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Learning Takes Time

March 10, 2014

Today I’m going to put on my mother cap.  For all of my readers who don’t give two figs about motherhood or my experiences with it, I don’t blame you.  It’s super boring.   You might want to stick around because my rant today is about education.  Educated people make better patients, better doctors, better administrators, and better bloggers.  So, you decide.

My oldest daughter is going to public kindergarten this fall.  She’s totally excited and I was too, until I found out what the schedule was.  Three days a week she will only go to school from 8:30 to 12:30.  All kids, in all of my town, in all grades through high school, get out at 12:30 on Tuesdays.  Then, the kindergarten classes are too big to appropriately provide guidance for every student, so they split the classes into two groups and each group gets two full days.  So…math, math, math…25 hours of school per week.  Jeeze!  She goes to school more hours than that right now in private preschool.  What the heck am I supposed to do with my smart, active, social child (who will be almost 6 this fall) for the majority of every day?  And what kind of system presumes all parents just happen to have someone available in the middle of the day to pick up and occupy their kids?  Then there are the christian holidays, the jewish holidays, snow days, winter break, spring break…  The kid is practically never in school.  No wonder half the world is ahead of us in math and reading.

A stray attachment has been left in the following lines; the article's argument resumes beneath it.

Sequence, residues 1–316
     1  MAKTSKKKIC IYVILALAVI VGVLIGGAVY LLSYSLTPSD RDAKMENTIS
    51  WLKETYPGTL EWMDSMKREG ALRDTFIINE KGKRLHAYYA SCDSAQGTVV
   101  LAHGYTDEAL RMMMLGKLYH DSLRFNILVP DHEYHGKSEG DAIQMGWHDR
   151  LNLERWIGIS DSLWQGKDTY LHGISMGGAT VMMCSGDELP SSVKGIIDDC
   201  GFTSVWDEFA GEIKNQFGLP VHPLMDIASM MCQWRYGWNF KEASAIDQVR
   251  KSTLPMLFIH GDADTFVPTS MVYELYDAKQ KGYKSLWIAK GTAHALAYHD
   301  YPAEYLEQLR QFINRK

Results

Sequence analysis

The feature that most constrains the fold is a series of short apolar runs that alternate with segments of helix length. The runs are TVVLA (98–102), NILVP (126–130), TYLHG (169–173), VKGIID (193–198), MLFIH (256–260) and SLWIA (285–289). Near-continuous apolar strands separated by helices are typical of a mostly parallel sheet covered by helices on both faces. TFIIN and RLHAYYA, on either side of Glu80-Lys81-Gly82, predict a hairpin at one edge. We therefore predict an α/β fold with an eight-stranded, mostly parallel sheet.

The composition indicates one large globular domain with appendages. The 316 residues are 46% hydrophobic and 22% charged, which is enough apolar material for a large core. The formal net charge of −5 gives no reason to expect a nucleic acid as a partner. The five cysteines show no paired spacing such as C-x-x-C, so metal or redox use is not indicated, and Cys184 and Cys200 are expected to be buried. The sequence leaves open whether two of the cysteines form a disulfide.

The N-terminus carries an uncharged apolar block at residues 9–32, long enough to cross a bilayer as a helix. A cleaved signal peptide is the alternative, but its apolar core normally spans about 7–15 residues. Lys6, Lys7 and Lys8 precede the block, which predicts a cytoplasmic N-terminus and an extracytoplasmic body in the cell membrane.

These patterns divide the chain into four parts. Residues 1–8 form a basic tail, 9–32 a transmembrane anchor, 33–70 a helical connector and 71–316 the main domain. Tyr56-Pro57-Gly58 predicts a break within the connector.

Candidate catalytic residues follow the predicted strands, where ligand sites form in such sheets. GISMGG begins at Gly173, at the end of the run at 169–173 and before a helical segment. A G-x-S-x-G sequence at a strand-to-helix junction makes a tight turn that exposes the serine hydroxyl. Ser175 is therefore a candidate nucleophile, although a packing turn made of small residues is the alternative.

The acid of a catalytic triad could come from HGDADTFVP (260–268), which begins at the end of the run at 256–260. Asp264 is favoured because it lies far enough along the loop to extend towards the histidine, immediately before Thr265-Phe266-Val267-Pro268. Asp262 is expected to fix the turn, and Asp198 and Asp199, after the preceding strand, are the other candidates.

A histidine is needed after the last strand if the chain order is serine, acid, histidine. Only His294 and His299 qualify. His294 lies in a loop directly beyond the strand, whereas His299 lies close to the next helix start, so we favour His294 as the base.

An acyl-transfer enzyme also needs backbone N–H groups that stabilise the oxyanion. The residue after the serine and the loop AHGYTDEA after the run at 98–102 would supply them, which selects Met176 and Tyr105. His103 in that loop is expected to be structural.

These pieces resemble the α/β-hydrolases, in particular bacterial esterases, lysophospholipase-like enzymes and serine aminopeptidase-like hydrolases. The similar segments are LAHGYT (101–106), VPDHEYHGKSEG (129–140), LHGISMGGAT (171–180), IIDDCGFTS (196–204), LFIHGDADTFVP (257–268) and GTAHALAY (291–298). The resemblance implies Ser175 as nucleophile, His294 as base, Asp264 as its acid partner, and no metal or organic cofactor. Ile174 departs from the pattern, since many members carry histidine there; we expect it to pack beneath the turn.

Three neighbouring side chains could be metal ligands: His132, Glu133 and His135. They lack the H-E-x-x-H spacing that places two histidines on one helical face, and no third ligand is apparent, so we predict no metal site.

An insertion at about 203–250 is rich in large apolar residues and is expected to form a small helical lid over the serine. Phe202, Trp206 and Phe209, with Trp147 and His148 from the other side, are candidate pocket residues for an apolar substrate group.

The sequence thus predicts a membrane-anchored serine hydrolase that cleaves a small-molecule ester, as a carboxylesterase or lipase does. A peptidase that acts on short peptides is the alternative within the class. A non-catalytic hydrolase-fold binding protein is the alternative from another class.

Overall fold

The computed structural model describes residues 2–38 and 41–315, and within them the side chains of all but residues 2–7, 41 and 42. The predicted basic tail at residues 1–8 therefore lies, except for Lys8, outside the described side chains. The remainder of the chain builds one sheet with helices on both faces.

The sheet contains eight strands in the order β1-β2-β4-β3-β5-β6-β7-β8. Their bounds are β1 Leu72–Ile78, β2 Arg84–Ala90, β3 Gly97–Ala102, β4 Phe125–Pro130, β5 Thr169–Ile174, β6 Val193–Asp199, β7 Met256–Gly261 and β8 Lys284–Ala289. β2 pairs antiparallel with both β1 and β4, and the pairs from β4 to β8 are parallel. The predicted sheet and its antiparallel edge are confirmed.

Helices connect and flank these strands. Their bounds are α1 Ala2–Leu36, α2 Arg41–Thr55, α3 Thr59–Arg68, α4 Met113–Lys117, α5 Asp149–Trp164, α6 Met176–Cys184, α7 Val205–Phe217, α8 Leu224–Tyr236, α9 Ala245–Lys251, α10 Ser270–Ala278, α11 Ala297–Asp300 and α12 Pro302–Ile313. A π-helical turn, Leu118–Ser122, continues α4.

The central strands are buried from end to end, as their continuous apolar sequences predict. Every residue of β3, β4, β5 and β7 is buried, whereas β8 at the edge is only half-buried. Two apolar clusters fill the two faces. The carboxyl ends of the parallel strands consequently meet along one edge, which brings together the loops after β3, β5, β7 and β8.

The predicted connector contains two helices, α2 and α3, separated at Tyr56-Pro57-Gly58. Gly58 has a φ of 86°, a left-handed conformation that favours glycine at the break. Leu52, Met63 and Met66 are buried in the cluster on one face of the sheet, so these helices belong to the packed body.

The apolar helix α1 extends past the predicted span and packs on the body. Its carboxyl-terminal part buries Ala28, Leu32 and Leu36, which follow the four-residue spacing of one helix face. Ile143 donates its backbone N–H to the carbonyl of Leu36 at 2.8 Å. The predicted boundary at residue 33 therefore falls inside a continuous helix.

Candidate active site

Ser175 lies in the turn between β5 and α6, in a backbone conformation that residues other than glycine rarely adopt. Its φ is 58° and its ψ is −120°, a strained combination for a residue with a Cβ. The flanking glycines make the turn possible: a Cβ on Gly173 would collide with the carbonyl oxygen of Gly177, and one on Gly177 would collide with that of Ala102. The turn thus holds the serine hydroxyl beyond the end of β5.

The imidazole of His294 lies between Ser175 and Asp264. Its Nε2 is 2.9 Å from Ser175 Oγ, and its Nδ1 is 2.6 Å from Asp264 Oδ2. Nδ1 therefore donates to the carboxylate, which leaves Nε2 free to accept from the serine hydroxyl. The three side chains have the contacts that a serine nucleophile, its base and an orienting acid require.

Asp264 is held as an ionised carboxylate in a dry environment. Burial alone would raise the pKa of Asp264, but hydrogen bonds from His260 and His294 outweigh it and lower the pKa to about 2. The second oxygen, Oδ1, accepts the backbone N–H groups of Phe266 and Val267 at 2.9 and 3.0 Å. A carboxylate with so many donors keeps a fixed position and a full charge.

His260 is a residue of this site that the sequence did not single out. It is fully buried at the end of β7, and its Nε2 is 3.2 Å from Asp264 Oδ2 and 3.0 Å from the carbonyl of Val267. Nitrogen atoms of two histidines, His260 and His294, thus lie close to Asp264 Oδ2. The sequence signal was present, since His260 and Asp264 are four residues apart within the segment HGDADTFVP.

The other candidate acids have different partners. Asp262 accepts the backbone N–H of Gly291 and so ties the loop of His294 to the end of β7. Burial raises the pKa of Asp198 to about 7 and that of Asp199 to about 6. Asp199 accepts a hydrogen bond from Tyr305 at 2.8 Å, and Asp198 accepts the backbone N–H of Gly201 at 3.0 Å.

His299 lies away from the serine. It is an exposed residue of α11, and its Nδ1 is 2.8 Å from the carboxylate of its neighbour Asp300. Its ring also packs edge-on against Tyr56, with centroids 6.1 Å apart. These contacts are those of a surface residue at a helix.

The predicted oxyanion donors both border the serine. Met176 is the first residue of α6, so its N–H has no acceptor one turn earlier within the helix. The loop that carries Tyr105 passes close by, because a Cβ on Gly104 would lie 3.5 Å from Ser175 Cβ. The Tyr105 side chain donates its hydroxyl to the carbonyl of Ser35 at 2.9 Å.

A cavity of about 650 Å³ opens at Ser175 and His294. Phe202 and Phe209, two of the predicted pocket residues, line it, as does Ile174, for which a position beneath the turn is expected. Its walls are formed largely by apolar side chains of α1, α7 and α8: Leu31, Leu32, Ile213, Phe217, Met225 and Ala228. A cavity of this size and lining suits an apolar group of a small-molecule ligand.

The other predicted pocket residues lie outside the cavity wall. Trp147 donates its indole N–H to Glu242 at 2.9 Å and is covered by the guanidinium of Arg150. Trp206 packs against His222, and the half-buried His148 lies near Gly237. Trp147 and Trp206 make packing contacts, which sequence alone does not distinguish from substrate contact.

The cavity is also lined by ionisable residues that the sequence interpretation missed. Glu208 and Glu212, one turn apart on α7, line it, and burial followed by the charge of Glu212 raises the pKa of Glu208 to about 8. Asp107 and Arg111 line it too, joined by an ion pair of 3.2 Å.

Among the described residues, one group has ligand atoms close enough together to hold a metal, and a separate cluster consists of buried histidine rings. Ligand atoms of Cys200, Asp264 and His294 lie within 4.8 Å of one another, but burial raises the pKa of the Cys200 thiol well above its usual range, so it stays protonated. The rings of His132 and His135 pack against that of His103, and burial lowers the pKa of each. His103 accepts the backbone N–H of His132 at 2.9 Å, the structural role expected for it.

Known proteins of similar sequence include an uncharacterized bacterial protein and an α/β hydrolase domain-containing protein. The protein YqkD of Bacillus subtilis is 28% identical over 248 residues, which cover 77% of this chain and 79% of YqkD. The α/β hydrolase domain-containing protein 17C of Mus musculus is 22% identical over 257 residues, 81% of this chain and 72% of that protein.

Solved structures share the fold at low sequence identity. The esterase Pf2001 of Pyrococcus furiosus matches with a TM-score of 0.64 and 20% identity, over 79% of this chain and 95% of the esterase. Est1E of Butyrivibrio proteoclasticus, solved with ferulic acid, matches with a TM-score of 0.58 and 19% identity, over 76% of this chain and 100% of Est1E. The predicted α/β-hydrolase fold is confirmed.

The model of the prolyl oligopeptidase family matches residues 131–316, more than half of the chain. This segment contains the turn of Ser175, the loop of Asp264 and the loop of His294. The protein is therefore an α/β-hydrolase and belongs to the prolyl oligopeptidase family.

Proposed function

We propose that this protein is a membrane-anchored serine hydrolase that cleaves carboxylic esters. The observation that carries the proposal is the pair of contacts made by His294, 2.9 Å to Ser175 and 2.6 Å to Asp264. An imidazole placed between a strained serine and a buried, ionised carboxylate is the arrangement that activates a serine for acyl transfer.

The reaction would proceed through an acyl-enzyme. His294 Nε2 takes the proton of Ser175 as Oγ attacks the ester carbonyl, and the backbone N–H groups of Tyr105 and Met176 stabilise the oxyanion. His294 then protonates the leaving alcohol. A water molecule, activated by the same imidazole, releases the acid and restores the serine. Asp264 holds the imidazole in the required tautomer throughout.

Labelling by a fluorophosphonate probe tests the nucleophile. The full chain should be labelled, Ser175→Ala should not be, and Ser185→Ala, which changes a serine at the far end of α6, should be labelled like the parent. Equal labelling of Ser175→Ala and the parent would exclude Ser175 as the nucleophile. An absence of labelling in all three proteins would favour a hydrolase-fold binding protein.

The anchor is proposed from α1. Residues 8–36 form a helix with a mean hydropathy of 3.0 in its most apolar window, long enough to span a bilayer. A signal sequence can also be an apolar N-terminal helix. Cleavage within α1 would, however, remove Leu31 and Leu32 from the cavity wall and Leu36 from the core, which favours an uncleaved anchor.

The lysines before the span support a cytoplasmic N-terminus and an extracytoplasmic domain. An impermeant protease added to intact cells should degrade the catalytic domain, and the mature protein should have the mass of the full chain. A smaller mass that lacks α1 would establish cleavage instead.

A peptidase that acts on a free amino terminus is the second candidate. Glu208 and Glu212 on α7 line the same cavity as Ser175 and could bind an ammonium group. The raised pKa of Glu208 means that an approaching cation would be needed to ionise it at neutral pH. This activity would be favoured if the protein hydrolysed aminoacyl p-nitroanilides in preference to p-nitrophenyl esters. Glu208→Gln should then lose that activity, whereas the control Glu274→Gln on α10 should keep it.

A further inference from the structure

I’m not the only one who feels this way.  A recent NYT article on March 7th talked about the frustration of parents in New York City, where kindergarten is also mostly half-day in the public schools.  Many parents there either don’t sent their kids at all or use private kindergarten.  Why?  Because in most cases you’re going to have to pay a full-time babysitter even though the kid is in school 4 hrs a day, not only because it’s hard to find good babysitters who only want to work part-time, but because there are so many non-school days part-time help isn’t enough.